November 1966 Popular Electronics
Table of Contents
Wax nostalgic about and learn from the history of early electronics. See articles
published October 1954 - April 1985. All copyrights are hereby acknowledged.
When you think about wireless (radio) saving the day for reporting trouble at sea, most of us (including, until now, me) think of the RMS Titanic incident that occurred on 14 April, 1912. Her telegraph operator, Jack Phillips, managed to get off an SOS (actually "CQD" in the day) message that was picked up by the ship Carpathia. In fact, this story of the SS Republic recounts events on January 23, 1909 when the good ship collided with Italy's Florida. Radio operator Jack Binns managed to get off a CQD message using backup batteries once he discovered the ship's power had gone down. Jack Phillips had the dubious honor of gaining celebrity for his heroic action a few year after Jack Binns. If I were the owner of ocean-faring vessels in those times, I would be sure to always hire radio operators named Jack!
RF Cafe visitor Marek Klemes says, "With so many of them called Jack, I thought of new twist on the old saying 'Jack-of-All-Trades...' A wireless operator is a 'Trade-of-all-Jacks.'"
In the Days of Spark - A Rescue at Sea
The Sinking of the SS Republic is Retold
By Henry E. Church
Photo courtesy Culver Pictures Wireless operator Jack Binns (right) and Third Officer Tubbs of the "Republic" played a decisive part in events which occurred on January 23, 1909.
Around the turn of the century, radio was generally considered a "newfangled" invention by the few people who had even heard of it. Still fewer people displayed an active interest in radio - which was then called wireless. Nevertheless, its value was not overlooked by safety-conscious people in the marine industry and the various radio pioneers.
Behind the scenes, powerful transmitting stations were built in strategic locations on the shore, and more and more ships were outfitted with transmitting and receiving equipment. But, more than any other single event in its short history, an accident which occurred in the early hours of January 23, 1909, dramatically shaped radio's destiny and enlightened the world to its existence and potential.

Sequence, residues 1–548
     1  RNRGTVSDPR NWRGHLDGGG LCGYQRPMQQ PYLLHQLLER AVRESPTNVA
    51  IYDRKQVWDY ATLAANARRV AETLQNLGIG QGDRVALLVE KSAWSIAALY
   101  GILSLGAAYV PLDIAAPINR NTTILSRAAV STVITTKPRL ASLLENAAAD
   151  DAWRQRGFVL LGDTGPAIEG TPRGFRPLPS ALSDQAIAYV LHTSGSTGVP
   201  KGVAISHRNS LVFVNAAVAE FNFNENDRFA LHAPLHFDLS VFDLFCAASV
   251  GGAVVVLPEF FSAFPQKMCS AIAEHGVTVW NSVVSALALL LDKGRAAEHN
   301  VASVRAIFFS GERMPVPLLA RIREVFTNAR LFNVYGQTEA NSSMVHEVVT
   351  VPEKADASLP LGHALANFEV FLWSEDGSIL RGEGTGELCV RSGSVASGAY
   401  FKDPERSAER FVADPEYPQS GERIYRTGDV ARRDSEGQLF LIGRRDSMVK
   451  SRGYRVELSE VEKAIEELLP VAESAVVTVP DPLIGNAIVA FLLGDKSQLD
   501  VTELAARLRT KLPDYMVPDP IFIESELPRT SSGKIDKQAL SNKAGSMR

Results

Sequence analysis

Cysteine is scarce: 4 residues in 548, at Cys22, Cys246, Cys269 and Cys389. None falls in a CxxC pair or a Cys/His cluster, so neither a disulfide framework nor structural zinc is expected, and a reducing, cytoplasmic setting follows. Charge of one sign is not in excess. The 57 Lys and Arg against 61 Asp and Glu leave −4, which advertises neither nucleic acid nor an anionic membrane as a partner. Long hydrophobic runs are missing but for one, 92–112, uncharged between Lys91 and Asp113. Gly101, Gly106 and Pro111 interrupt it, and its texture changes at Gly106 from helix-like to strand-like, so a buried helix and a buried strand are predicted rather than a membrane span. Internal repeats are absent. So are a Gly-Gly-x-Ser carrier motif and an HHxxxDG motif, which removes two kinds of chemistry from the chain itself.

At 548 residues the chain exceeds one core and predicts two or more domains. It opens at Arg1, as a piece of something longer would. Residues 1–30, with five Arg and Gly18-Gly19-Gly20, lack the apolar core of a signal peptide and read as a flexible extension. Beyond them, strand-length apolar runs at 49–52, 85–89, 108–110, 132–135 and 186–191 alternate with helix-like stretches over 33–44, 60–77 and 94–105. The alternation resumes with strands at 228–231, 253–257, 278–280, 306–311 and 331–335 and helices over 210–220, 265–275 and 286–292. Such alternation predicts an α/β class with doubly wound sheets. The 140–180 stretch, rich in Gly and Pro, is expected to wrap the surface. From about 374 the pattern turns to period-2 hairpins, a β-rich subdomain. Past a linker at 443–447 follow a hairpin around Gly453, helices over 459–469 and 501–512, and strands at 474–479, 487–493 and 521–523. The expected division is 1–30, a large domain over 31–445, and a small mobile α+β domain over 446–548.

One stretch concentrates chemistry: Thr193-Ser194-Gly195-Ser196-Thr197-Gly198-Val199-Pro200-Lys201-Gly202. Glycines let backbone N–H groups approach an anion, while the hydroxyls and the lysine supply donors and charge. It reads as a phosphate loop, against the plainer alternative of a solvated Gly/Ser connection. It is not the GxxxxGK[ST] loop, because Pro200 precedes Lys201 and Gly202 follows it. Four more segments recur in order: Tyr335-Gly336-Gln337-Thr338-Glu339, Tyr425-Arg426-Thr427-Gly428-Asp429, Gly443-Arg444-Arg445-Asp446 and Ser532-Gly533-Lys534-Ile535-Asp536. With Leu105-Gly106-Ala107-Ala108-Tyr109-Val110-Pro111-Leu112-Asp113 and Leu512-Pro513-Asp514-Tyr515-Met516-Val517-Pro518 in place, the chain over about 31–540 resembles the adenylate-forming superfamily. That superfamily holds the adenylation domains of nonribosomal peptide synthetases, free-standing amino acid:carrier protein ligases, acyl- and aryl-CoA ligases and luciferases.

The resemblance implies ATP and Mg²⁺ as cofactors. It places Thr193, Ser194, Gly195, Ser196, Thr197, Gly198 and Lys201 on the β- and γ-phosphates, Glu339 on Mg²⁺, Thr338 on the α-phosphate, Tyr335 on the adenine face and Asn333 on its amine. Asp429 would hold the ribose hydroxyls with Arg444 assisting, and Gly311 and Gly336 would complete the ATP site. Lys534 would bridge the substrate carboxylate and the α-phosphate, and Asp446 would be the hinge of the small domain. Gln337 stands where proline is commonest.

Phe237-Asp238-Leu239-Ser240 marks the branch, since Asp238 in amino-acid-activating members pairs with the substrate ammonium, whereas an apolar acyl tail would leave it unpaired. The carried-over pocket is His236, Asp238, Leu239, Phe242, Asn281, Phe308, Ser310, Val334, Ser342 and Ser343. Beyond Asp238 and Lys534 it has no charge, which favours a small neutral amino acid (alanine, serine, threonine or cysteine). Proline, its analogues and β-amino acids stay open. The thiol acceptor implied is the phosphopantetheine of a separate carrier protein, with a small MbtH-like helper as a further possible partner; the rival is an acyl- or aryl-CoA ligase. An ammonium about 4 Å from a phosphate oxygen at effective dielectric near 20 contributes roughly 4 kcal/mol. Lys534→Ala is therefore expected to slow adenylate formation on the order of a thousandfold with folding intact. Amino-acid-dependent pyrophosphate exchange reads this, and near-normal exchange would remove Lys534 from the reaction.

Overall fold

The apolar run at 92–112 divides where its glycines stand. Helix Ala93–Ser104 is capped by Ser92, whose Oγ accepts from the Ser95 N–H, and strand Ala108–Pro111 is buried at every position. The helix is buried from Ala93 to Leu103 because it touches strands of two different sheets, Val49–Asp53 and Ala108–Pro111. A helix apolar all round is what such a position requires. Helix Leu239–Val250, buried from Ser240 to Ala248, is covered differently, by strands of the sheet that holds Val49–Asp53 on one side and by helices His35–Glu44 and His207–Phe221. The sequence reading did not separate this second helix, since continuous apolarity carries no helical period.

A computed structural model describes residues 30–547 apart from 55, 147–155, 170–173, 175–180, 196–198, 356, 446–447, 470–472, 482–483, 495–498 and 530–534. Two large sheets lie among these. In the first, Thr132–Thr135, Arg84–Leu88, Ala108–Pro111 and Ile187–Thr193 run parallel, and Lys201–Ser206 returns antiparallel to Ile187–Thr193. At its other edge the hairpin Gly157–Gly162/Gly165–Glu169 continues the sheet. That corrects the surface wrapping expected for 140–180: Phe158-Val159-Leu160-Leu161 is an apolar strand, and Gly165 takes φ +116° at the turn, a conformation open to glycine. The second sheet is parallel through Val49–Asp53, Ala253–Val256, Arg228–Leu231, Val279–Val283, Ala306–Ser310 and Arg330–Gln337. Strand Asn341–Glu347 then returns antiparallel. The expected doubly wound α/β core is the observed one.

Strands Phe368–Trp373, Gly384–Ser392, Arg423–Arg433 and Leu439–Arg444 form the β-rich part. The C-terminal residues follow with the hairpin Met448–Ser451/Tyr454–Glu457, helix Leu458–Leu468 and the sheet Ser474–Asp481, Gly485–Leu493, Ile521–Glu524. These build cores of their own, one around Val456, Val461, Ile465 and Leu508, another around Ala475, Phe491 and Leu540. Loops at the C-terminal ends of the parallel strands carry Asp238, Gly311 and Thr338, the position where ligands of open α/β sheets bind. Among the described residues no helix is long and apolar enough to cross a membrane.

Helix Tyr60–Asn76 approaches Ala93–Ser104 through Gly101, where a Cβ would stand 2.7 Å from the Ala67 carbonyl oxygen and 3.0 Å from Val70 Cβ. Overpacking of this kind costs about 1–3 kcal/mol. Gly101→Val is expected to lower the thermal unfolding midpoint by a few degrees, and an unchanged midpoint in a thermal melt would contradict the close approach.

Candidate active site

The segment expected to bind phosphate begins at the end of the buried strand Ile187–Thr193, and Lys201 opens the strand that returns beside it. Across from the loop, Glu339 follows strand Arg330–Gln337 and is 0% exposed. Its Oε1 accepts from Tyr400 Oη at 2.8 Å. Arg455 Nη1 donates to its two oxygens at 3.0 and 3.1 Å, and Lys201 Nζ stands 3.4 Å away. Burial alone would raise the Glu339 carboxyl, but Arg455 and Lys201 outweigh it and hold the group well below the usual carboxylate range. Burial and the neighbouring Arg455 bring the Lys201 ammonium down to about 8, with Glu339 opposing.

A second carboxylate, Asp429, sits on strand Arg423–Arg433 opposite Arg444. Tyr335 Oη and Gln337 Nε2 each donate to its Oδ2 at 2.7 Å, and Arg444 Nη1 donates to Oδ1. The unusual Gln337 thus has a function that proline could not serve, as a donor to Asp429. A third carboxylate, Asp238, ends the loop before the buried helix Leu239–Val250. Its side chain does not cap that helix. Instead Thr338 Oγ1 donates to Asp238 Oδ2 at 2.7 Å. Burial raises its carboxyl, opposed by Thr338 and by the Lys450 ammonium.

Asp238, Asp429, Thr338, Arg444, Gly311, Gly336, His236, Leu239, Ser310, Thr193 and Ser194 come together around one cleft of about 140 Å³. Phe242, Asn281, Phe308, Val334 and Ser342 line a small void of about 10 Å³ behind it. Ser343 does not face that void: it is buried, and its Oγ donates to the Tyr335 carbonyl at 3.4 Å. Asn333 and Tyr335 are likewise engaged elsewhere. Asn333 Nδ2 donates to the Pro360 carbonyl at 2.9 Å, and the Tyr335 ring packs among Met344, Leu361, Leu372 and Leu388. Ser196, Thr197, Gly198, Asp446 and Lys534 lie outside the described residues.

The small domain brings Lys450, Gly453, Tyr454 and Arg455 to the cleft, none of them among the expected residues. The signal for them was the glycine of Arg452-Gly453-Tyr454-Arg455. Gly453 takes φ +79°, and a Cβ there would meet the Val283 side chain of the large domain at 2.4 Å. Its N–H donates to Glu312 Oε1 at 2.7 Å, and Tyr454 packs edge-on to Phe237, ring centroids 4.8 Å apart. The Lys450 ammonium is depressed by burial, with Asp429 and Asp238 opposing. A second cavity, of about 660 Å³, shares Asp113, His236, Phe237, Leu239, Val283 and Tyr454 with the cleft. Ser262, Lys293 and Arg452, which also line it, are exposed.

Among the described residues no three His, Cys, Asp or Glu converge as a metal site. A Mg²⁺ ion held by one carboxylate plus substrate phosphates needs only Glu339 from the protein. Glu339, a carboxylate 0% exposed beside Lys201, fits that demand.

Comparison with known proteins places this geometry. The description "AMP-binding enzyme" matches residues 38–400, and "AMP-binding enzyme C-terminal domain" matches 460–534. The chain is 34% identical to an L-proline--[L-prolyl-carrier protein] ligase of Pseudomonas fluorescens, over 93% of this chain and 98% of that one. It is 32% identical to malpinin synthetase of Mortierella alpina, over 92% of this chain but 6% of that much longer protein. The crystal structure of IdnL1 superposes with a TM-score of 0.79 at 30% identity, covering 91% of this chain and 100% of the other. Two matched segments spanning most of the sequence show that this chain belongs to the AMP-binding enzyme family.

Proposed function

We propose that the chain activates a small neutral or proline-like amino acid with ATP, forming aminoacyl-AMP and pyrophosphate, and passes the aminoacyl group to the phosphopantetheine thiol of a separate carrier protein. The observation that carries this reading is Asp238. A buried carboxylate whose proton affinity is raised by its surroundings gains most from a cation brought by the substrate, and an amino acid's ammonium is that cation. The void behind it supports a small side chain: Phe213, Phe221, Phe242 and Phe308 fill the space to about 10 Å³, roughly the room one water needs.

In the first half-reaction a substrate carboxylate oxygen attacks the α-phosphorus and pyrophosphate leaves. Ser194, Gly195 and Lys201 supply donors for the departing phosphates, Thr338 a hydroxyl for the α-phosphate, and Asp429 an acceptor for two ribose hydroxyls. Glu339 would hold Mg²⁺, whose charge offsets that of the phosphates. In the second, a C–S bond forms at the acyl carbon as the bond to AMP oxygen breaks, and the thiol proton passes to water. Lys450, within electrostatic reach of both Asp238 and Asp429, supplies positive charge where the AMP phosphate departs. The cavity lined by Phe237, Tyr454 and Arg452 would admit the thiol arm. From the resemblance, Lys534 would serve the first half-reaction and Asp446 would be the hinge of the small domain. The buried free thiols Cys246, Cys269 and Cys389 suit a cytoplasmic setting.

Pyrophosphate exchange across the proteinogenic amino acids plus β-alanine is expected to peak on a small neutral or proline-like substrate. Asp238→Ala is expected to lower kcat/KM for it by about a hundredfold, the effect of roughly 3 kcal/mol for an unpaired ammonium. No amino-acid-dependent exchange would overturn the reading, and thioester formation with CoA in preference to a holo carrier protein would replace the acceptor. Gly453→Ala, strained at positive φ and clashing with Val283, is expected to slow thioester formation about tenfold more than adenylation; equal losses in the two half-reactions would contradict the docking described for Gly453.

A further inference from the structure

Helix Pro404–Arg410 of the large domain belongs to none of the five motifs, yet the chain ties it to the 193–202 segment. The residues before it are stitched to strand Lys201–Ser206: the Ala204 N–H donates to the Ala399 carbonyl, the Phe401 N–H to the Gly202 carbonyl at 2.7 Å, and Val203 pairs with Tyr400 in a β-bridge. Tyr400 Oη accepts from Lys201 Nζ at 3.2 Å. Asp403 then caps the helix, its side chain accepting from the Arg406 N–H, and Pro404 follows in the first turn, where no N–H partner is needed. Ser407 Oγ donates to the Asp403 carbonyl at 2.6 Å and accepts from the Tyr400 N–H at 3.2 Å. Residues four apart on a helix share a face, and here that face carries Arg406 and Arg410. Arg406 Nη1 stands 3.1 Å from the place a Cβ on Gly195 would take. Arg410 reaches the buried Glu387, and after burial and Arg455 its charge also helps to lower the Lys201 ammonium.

The American-owned White Star liner, Republic, under the command of Captain Inman Sealby, departed from New York City in the late afternoon of January 22 bound for Gibraltar. Shortly after clearing Sandy Hook, she was enveloped in a blanket of fog, and the automatic fog horn was switched on. Jack Binns, the only radio operator aboard, busied himself with routine traffic. At midnight, after switching off his radio equipment, Binns retired to his cabin for a few hours of sleep.
Meanwhile, at the Siasconsett wireless station on Nantucket Island, Jack Irwin had just relieved Jack Cowden for the midnight to 8 a.m. watch. The Republic was the only ship in transmitting range at the time. Later, still early in his watch, Irwin exchanged messages with the La Tourraine and the Baltic as they came into range. He knew the Republic had only one operator aboard who would most likely be in his bunk, so he settled down with a book to wait the night out. No other ships were due within range before dawn.
At the same time, through thick fog and darkness, the Italian liner Florida steamed toward New York Harbor with her cabins filled to capacity with immigrants, refugees of a Messina earthquake. No radio was aboard, and Captain Angelo Ruspini was unaware that his ship was on a collision course with the Republic.
When Captain Sealby heard an approaching fog horn, he ordered the Republic's engines shut down. Jack Binns was awakened from his light sleep (by the absence of engine noise), and suddenly the sound of tortured metal filled the air, followed by a jarring shudder which sent Binns sprawling to the deck. Regaining his footing, he rushed to the radio cabin only to find it badly damaged. He closed the transmitter key. The spark was there!
But the ship's main electric generator ground to a halt before Binns could get a message out. Switching to storage batteries, he was concerned that his sending range was now reduced to between 50 and 60 miles, but his fingers began tapping out CQD (the SOS call-sign of the day).
The Florida, which had sustained a crushed bow but apparently was still afloat, drifted back into the fog.